29. 29
    Xecky Gilchrist says:

    Didn’t equivalent election funding posturing happen under Clinton? i.e. the Democrats wanted to change the funding laws, Redoublechins refused, then screamed and bitched and cried and moaned and pooed their unmentionables when the Democrats went ahead and followed the existing law?

  30. 30
    grandpajohn says:

    @OzoneR: In other words
    Moral victories don’t win wars

  31. 31
    honus says:

    I don’t know how Easterbrook gets to 182,000 in additional tax. By my math, the Obamas would pay about an extra 75,000 if the top marginal rate was raised by 5%. The other 105,000 is an awful lot of itemized deductions disallowed. But I’m sure a winger couldn’t make a math mistake or use a false assumption when trying to make even a stupid point.

  32. 32
    FlipYrWhig says:

    @Winston Smith:

    Thanks, debit, I never knew that “cajole” indicated flattery.

    You may have been thinking of the similar-sounding “cudgel.”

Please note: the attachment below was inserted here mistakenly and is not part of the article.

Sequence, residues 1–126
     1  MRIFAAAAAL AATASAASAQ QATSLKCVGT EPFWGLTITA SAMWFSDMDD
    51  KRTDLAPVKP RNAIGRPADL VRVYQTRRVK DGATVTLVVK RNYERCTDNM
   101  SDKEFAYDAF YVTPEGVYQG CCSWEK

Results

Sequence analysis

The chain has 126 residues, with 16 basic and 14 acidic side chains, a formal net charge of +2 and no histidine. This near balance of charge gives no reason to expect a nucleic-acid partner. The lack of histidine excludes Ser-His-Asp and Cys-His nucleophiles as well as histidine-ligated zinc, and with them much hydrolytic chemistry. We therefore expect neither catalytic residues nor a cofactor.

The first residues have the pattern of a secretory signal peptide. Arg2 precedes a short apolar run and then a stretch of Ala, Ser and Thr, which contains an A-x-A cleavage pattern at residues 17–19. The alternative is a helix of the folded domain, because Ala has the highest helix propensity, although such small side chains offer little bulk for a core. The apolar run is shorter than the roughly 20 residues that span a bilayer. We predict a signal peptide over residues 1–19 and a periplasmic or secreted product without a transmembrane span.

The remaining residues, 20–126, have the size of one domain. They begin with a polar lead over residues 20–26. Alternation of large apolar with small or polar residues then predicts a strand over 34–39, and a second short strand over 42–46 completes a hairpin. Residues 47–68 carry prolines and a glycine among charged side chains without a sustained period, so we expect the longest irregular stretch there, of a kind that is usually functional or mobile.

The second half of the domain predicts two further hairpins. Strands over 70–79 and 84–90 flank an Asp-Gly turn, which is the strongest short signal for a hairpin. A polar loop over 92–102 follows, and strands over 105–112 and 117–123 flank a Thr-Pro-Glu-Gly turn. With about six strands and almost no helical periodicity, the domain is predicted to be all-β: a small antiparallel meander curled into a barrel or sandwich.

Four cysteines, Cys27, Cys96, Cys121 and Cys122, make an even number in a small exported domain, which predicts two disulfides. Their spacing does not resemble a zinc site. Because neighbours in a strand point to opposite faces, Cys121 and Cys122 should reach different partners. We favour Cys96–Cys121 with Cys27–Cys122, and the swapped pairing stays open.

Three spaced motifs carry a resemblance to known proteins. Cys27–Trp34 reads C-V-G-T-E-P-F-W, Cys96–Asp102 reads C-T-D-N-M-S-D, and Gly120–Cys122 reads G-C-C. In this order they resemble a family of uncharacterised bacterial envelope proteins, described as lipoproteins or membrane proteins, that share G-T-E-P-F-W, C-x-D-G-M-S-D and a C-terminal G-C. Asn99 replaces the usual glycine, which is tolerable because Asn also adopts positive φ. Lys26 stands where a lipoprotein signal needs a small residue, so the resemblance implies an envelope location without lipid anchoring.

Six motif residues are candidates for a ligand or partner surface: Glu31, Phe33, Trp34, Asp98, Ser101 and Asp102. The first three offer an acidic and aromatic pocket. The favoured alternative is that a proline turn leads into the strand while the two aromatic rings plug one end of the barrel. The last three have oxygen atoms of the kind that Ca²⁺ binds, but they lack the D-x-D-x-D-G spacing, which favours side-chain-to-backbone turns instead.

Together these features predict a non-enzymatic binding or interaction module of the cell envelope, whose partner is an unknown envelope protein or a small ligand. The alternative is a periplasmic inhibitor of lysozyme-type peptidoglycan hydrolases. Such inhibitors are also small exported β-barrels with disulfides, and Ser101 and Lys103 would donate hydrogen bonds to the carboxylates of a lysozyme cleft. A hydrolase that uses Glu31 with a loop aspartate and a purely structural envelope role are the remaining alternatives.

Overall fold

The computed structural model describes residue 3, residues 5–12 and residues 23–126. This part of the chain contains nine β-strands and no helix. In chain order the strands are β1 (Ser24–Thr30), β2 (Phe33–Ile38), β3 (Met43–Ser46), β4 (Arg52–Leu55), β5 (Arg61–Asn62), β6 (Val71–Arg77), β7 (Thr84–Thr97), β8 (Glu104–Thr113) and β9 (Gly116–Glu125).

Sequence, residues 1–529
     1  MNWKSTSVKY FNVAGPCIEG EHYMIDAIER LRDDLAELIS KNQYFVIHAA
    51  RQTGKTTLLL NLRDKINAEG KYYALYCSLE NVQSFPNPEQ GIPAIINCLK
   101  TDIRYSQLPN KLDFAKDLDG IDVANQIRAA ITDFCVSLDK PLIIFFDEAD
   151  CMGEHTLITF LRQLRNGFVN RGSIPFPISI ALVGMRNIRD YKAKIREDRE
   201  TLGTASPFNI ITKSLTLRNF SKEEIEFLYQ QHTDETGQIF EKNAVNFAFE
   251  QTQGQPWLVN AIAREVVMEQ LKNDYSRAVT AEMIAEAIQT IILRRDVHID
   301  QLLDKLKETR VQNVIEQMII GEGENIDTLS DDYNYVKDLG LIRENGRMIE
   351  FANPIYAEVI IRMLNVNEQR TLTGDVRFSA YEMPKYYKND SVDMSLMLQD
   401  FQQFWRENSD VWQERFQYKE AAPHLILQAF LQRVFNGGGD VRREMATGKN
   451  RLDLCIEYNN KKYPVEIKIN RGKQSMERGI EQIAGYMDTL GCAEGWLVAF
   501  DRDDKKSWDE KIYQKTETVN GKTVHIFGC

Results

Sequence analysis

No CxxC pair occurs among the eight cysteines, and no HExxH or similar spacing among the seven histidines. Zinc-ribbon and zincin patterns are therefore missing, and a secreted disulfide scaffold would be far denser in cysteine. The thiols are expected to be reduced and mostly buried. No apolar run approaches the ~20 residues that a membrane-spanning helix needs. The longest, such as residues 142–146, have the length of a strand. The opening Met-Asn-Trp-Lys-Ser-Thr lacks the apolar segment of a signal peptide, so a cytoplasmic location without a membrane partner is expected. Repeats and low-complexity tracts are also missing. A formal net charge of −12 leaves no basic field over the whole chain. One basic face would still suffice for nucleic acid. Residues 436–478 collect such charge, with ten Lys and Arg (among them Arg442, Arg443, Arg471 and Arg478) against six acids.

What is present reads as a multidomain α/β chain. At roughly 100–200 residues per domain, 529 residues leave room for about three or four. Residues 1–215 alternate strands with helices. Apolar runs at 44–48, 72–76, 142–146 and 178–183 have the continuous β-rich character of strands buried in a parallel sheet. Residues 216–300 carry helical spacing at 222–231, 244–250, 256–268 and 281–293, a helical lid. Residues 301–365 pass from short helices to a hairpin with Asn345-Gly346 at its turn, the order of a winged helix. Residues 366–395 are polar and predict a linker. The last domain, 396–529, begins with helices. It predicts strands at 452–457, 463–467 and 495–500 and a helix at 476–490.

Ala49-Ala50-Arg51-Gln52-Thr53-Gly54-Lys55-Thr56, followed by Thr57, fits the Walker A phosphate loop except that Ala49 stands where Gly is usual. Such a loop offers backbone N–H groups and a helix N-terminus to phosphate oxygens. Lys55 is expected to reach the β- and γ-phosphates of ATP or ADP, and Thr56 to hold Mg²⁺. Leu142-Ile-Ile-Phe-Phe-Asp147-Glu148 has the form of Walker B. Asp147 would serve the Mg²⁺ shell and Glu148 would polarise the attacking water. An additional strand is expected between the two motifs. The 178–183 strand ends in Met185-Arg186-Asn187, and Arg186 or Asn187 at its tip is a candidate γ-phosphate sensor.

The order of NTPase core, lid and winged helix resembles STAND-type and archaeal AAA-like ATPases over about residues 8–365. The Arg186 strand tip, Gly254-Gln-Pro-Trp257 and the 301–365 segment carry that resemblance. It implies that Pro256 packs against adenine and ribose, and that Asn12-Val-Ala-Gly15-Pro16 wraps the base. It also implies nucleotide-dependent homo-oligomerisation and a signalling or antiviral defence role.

33. 33
    Wiesman says:

    I realize this thread is almost dead by now, but…

    Any time a conservative tries to argue about this kind of “hypocrisy” you can respond with this:

    “Are you planning on taking Social Security benefits when you are able? Do you plan on enrolling in Medicare when you are able? Do you use any government program that you think should be cut?”

    It’s the same logical argument. Unfortunately, it won’t help you win the argument because it requires that they understand logic.

  34. 34
    mclaren says:

    How about we spend a year doing nothing but repealing stupid pointless counterproductive laws?

    How about that?

  35. 35
    Sandy D says:

    This sort of calling out of people who advocate change in a law while living by the law as it is happens much more often – lately – to Republicans. People criticize Republicans for accepting farm subsidies, or accepting social security payments, while simultaneously advocating stopping government spending. This doesn’t strike as ipso facto hypocrisy (sometimes it is, depending on specifics), because if they are complaining that their taxes are too high because of these programs, of course they are going to want to bleed the programs of every cent they can while the programs are functioning.